October 16, 2014
Taking it to the streets.
A new publication, aimed to deliver accurate information about the wide variety of assistance and support-service programs available in Little Rock and throughout Pulaski County, came hot off the presses for its debut distribution on Wednesday, October 15, 2014.
Bannering the title: “Help YourSelf: Community Resources Directory,” the 24-page full color newspaper is filled with what appear at first glance to be classified ads, but are actually hundreds of listings of self-help opportunities, from food pantries and free clothing for job interviews, to computer literacy, employment training, substance abuse recovery, elder-care services, housing assistance, legal aid, transportation, and health care.
Brainchild of Robert Kim Combs, 59, a resident of Arkansas’s capitol city since October of 2008, Combs first started researching and freely distributing a forerunner directory as a plain text document in 2009. That ‘first edition’ was only a few pages and listed resources for the homeless such as food pantries. He handed it out free, directly to people in need.
Within a year, his work caught the eye of social workers, parole officers and healthcare providers, who started asking for copies because of the comprehensiveness and accuracy of the listings.
“The good-works groups who provide these services are rather fluid,” Combs explained. “Locations and hours of operation frequently change. And it is not unusual for qualifying criteria with various government programs to change. For any directory to have value, it has to be updated frequently,” he affirmed. “So I began issuing semi-annual directories in 2010, which I then called The Compassion Resources Directory for Little Rock and Pulaski County.”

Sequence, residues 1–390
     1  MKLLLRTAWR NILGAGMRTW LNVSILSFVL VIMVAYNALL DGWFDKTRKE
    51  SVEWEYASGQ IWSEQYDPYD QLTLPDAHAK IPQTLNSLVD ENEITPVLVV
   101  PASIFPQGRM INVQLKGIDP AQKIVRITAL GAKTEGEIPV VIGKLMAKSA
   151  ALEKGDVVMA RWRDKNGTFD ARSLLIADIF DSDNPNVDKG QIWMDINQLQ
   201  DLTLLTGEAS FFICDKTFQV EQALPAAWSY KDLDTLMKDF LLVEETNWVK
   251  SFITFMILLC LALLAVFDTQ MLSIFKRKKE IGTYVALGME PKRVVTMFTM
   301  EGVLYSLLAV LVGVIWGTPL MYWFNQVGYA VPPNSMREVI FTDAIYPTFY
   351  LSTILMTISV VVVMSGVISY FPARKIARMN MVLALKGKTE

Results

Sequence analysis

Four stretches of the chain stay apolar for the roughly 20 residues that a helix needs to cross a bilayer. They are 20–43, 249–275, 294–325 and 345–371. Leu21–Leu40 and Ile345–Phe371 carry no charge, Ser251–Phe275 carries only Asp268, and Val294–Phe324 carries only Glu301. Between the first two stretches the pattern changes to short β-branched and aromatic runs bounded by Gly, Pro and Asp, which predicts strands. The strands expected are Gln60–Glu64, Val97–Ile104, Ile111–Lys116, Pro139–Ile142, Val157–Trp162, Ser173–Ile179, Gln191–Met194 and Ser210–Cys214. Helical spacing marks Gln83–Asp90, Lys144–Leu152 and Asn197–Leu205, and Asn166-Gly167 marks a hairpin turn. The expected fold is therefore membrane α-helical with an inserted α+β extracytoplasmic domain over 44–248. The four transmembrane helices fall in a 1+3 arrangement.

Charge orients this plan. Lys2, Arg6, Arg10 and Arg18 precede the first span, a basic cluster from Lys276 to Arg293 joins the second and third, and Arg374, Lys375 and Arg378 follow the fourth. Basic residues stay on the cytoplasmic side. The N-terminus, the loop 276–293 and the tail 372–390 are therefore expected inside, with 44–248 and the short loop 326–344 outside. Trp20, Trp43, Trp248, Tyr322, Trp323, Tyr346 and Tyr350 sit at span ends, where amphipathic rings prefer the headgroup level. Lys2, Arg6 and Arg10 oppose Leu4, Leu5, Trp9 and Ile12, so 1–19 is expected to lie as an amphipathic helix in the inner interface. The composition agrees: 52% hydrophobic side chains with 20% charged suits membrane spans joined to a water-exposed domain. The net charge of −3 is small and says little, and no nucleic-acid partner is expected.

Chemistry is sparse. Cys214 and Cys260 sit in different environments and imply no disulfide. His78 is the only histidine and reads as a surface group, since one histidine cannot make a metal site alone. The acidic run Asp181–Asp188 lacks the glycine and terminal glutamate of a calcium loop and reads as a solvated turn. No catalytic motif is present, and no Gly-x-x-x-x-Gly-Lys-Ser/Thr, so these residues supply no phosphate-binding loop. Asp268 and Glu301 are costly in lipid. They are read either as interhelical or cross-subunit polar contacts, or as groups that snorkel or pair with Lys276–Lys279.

By January of 2014, Comb’s little home-office-copied MSWord handout had grown to 80+ pages, indexing hundreds of organizations and service providers in need-specific categories. “The cost of sharing this information had grown astronomically,” Combs confessed.
While he was freely distributing the document electronically in PDF format and it was being eagerly shared on the Internet, he was continually inundated with requests for printed volumes, which he also gave out for free.
“I was not set-up to produce enough copies at home, so I was taking the manuscript to a printer and having copies bound,” he explained. However, the costs associated with this type of publication made it impossible for him to routinely hand out the directory directly to those people who needed it most.
“When I first got off the bus in Little Rock, six years ago this month, I was alone, struggling, lost and homeless,” Combs recalled his probationary release from a 5-year federal prison sentence. “My 25-year career as a museum professional and adjunct history professor was unlikely to resume. Former colleagues scorned me, prospective employers turned me away the moment that they saw that the ‘prior felony conviction’ box was checked on my application. It took me 6-months and hundreds of applications before I finally found work as a dishwasher. And it was many more months of living in a homeless shelter before I could afford a small apartment and get a second-hand car.”
“Still, I found meals, food, shelter, clothing, employment assistance and encouragement at every turn,” he affirmed. “Most especially from my federal probation officer, Tabitha Mitchell. She was like an angel, guiding the way for me to get back on my feet. And as I recovered, I made up my mind to find a way to ‘give back’ some small measure of the compassion I had been given. That’s when I started thinking about what would have been most useful to me when I was struggling, troubled, lost and alone.”